In today’s hyper-competitive professional world, undergraduate students constantly feel the pressure to obtain summer internships in order to gain professional experience and boost their resume for the frightening day when they apply for post-graduate jobs. There are resources here at Bates that students may use to their advantage in securing summer internships and making them more desirable and competitive candidates in the professional world.

For students who may not be familiar with the Bates Career Development Center or their initiative, the Purposeful Work initiative aims to guide students towards Bates-specific internships that work in conjunction with core employers, and provides funding for unpaid or low-paid internships. The BCDC has invested considerable time and resources into establishing a network of core-employers that offer Bates-specific internships.

“The core employer network is intentionally diverse to align with the wide array of students’ interests. We grew from 46 core employers in 2015 to 68 core employers in 2016. Core employers prioritize hiring Bates students into their paid internships. Examples of 2016 core employers: Owl Cybersecurity in Denver, a congressional office in Washington D.C., Central Maine Medical Center in Lewiston, and LMCG Investments in Boston – to name just a few”, says Christina Patrick of the Bates Career Development Center.

This year marks the third year of the BCDC’s installation of the Purposeful Work Initiative, which provides current Bates students with a trajectory for their four years at Bates and works to prepare them academically and professionally for the postgraduate world. As first-years, the BCDC urges students to understand the academic and social climate of Bates, and explore interests across varied academic and extracurricular landscapes. As sophomores, the Purposeful Work Program provides opportunities for students to start thinking about interests professionally through job shadows offered by the Purposeful Work Program and the BCDC during the academic year, and summer internships offered and funded through the Purposeful Work Internship Program. During junior year, the BCDC encourages students to apply their knowledge gained from job shadows and internships during their sophomore year to narrow their professional interests. This allows students to explore internship options between their junior and senior year that reflect what they may aspire to do professionally in the rapidly approaching postgraduate arena. Senior year is meant to be the culmination of the multifaceted academic and professional experiences students have fostered in their four years at Bates; a time when students should be actively engaged in pursuing careers or employment opportunities in fields or industries they have found interest in during their experiences at Bates. By following this four step recipe, Bates students are provided with an academic and pre-professional education that prepares them for life after Bates.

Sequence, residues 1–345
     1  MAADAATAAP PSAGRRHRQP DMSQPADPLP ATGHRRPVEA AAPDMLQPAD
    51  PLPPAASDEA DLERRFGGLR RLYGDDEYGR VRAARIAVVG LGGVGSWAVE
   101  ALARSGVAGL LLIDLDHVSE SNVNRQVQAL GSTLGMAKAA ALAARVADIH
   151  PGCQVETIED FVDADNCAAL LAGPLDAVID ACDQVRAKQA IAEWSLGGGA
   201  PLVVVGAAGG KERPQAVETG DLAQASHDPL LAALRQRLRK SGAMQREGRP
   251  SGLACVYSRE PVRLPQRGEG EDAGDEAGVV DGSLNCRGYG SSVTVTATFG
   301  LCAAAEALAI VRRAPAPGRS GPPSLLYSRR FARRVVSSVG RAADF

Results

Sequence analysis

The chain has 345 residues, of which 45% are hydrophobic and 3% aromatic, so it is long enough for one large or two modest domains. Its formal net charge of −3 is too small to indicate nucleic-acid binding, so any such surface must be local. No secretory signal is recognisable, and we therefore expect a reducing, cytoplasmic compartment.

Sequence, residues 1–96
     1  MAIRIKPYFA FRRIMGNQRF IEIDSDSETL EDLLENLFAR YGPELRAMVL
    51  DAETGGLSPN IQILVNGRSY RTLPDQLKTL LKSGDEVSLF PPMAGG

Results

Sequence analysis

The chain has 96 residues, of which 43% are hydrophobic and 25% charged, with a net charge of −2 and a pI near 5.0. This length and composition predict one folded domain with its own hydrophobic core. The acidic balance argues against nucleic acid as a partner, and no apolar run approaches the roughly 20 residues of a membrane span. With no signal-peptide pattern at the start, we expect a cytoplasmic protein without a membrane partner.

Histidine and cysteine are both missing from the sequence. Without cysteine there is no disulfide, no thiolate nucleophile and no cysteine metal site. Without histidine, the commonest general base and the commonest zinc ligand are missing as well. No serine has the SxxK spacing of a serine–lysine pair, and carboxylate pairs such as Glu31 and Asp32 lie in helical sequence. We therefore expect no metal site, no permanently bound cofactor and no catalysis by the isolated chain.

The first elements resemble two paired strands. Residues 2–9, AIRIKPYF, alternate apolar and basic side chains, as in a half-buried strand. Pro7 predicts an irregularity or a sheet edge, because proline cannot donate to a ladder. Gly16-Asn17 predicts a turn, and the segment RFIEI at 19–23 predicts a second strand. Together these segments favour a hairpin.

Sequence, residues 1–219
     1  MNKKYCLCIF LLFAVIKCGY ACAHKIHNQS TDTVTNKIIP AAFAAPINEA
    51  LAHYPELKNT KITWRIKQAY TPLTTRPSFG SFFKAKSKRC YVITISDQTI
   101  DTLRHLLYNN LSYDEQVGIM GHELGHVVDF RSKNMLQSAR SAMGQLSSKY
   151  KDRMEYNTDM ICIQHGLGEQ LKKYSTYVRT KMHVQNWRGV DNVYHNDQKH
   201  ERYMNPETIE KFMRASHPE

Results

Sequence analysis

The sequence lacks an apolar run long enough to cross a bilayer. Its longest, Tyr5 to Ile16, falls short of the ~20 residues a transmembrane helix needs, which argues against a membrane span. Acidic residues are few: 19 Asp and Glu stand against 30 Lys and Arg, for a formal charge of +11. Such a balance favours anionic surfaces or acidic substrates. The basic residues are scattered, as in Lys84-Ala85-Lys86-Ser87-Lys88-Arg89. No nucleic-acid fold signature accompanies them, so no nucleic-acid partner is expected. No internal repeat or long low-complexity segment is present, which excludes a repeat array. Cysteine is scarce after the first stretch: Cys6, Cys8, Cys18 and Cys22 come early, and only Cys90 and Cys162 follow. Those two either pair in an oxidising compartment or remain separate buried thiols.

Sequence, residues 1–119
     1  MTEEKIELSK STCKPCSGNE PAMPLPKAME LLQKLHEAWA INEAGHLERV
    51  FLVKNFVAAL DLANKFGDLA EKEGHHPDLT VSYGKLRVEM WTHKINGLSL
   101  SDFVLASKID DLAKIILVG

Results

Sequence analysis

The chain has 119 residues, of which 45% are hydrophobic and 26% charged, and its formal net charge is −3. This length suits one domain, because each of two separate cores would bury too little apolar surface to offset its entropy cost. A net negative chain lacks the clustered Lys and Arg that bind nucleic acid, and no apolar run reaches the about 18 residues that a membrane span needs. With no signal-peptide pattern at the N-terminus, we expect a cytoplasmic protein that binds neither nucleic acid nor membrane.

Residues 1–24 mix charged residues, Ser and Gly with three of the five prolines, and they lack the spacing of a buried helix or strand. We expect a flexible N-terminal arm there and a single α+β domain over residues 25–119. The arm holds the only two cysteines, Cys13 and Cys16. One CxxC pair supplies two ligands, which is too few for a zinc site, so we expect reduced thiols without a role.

The Purposeful Work Initiative has been extremely successful as indicated by the increasing numbers of students who participate in the program each year. For example, student participation in the Purposeful Work Initiative increased in 2016 from the previous year. According to Christina Patrick in the BCDC, “in the first year of the program (summer 2015), 197 students became eligible. This past year, year two of the program (summer 2016), 398 students became eligible.”

Similarly, of the 197 students that became eligible in 2015, 97 students ended up completing a Purposeful Work Internship. In 2016, 119 students held positions that were considered Purposeful Work Internships. Interestingly, 53% were juniors, 36% sophomores, and 10% first years, a statistic that validates the BCDC’s claim that they are encouraging students of all class years to obtain summer internships.

The Purposeful Work Program offers an impressive range of opportunity in an array of professional industries. According to statistics obtained from the BCDC, the most common industries this summer were healthcare (22), nonprofit (16), science research and development (12), and education (11). It important to also note that not all of these internship opportunities are limited to the companies within the United States. There are internships offered throughout Europe as well as Asia, and there is even a subset of the Purposeful Work Initiative called “Bates In Asia” that offers a handful of internships throughout Asia.

It seems that the BCDC and the Purposeful Work Initiative continues to be a helpful and guiding resource for students who want to expose themselves to professional experiences while pursuing an undergraduate degree. For students who wish to start this process, they may make an appointment on the BCDC’s website at